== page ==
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Saturday, January 24, 2015

Australia Day, Survival Day, Invasion Day


“There is no way Indigenous people can celebrate Australia Day. And if white people knew their own history they wouldn’t celebrate it either.”
— Senator John Woodley (in office 1993 – 2001)
Genocide is what many aboriginal people of Australia call it – and that, indeed, appears to be a truth that grieves our native peoples. Yet, there are also so many Australians who love Australia Day for what it means to be Australian. Being Australian is apparently about giving everyone a fair go, but there are many in our society who feel they are not fairly done by – and not just in our Indigenous number.
How are we to approach Australia Day? For the Indigenous of Australia, January 26 is a celebration either of their survival or a mourning for the invasion that took place in 1788.
Australians, we can be sure, can never feel adequately proud, nationalistically, until all Australians feel included, and reconciliation is the restitution necessary.
The Apology of 2008 was a significant little step, but actions need to match the words. We can be sure that the government is working hard, because an abused people will inevitably bring social problems. We should pray the government are engaging with the right people and doing what it can to set up whatever programs are created for success – the ultimate yardstick is our aboriginal folk are satisfied we are ‘fair dinkum’ (sincere, for non-Australians).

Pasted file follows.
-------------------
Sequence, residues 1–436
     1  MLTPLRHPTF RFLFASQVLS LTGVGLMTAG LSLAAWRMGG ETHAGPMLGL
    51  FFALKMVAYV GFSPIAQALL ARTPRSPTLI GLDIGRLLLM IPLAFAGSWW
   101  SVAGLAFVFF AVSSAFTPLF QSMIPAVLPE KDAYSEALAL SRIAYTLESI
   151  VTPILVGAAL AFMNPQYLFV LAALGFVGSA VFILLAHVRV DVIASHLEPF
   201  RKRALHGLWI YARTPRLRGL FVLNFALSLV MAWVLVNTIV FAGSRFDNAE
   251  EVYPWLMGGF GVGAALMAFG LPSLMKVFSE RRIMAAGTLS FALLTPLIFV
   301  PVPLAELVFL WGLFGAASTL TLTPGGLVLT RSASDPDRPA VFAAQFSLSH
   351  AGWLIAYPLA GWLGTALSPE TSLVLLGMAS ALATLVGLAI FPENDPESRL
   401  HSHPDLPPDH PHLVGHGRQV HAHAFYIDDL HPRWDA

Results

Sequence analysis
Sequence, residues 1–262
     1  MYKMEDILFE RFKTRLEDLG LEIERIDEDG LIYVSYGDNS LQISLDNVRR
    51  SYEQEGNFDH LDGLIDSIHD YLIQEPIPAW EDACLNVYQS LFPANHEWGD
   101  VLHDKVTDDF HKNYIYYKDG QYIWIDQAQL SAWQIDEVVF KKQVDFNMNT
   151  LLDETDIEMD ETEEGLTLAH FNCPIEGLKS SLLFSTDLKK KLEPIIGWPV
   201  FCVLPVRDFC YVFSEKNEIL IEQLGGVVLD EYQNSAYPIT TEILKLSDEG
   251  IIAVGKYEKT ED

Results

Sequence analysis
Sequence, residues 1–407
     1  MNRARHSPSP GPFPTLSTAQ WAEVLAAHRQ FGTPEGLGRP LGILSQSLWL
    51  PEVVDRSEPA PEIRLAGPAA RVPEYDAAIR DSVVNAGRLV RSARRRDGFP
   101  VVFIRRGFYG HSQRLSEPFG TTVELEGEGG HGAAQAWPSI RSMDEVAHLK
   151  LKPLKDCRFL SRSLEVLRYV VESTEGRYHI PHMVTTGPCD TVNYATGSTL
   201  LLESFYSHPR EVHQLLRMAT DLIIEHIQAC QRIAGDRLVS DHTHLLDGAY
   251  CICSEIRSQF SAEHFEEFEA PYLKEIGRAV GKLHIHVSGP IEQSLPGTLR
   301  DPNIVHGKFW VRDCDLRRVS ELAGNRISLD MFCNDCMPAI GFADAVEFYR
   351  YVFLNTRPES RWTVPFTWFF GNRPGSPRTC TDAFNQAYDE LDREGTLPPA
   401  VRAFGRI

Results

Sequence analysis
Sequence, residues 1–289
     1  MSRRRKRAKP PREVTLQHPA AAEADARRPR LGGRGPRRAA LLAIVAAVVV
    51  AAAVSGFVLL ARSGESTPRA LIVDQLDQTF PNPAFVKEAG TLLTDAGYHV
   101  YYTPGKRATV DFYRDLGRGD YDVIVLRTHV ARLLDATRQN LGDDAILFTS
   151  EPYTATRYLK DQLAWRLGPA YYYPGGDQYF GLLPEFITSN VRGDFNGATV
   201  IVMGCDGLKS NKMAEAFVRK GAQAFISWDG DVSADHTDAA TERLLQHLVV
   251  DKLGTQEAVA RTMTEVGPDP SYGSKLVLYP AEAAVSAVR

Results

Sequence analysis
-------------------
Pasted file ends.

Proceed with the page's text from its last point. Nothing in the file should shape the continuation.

Before white ‘settlement’ in Australia, there were over 400 aboriginal people groups – each spoke different languages/dialects. There were also over 200 ‘nations’ or peoples or mobs within the continent. Imagine a culture several times bigger than Europe – that’s what Australia was before white people came. There is so much in Aboriginal culture we are carelessly and irreverently ignorant of – because we simply don’t know.
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Our opportunity as Australians is to embrace what everyone feels on the national day. There is good reason why our Indigenous feel robbed and betrayed. Their affinity to their ancestors – given their communal culture – is even more important to them than ours is to us. Their ancestors were murdered, incarcerated, stolen, oppressed, and undignified at almost every turn.
There have been may whitefellas who have sought to work with, understand, and serve our Indigenous – but far too few.
If we are to be ‘Australian’ we will begin to listen to those who call Australia Day “Invasion Day.” We will listen with the intent of learning from those who can only reasonably mourn.
© 2015 S. J. Wickham.

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